Name: Peter Kronschnabl
Title: President and CEO, BMW Group Japan
URL: https://www.bmw.co.jp/ja/
BoD: June 12, 1966
Hometown: Villingen-Schwenningen, Germany
Years in Japan: 4

Standing in the BMW Group’s Tokyo Bay flagship showroom, Peter Kronschnabl is in his element. He glances around with palpable pride at the beautiful vehicles, which combine top-of-the-line luxury design with state-of-the-art technology. Growing up with a passion for cars and later majoring in business, Kronschnabl joined the firm’s Munich office in 1995, and his career with BMW has since taken him around the world.

His connection to the firm dates back to his students days at Pforzheim University in Germany. “I set up a student consulting company and did various projects with automotive firms, and in 1994 I wrote a thesis on BMW entering the Indian market. My ideal was to enter BMW after graduation and I realized my dream,” he said with a smile.

Peter Kronschnabl
Peter Kronschnabl

Kronschnabl went on to head BMW Group operations in India, Russia and Belgium before arriving in Tokyo four years ago. “In early 2014, I had a discussion with management about the next possible step — what would be most useful for both the company and my career,” he recalled. “So coming here was a business-driven decision, but it has turned out very well.”

BMW began business here in 1981 and Japan is now among the company’s six most important markets. In addition to BMW cars, the lineup includes motorcycles and the iconic Mini brand.

Kronschnabl’s time in Japan has corresponded with a period of diversification in the automotive industry. In order to take the company to the next level, BMW Japan rolled out its Change to Success program in 2015.

“The industry is in flux. There are new entrants in the automotive market challenging the established car manufacturers, and platform providers are also entering the business. Added to that are new initiatives such as electric cars and automated driving systems. The company needs to manage these challenges, and be one step ahead,” he said.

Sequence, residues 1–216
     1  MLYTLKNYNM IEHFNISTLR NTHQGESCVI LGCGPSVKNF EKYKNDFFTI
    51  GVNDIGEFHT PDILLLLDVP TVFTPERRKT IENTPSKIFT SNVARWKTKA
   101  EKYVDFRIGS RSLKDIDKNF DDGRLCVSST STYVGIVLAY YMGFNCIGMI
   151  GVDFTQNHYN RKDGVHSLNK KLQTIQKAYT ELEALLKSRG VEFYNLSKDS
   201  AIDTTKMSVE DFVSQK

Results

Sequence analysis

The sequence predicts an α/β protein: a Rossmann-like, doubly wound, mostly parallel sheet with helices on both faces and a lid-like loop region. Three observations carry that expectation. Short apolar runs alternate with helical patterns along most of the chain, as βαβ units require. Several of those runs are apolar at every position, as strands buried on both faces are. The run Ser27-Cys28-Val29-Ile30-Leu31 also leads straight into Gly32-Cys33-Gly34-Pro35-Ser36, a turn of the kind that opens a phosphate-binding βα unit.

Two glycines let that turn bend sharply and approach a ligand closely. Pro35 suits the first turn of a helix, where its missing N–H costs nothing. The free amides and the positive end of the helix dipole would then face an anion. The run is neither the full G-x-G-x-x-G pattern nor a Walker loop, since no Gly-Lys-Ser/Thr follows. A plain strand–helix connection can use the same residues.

The Tokyo Bay showroom is one example of how BMW Japan is moving in new directions. “We want to create many points of experience for the customer, where they see more than the car,” Kronschnabl explained. Designed by the innovative team at Klein Dynham architecture, the 27,000-square-meter facility opened in 2016 and combines showrooms for BMW and Mini, along with a cafe and areas for brand and virtual reality experiences.

In addition to product innovation, company success and growth depends on having a talented, diverse team. In 2015 the firm introduced the Change Agent (CA) program, which is open to all employees, regardless of age or level of experience. Their common bond is that they are passionate about bringing new ideas to the table and implementing change from the bottom up.

“The change agents come from all functional areas within the company and around half are women. They have access to me and we meet regularly, and they get a budget to implement their projects if they pitch good ideas. For example, last year we set up a creativity room — like a library, with sofas and books. Now they are working on digitalization of our meeting rooms,” Kronschnabl said. “They are generally in their late 20s to 30s, but it was important to me that we place no limits on who can apply. It is a fluid group, as people choose to leave or join the current CA group.”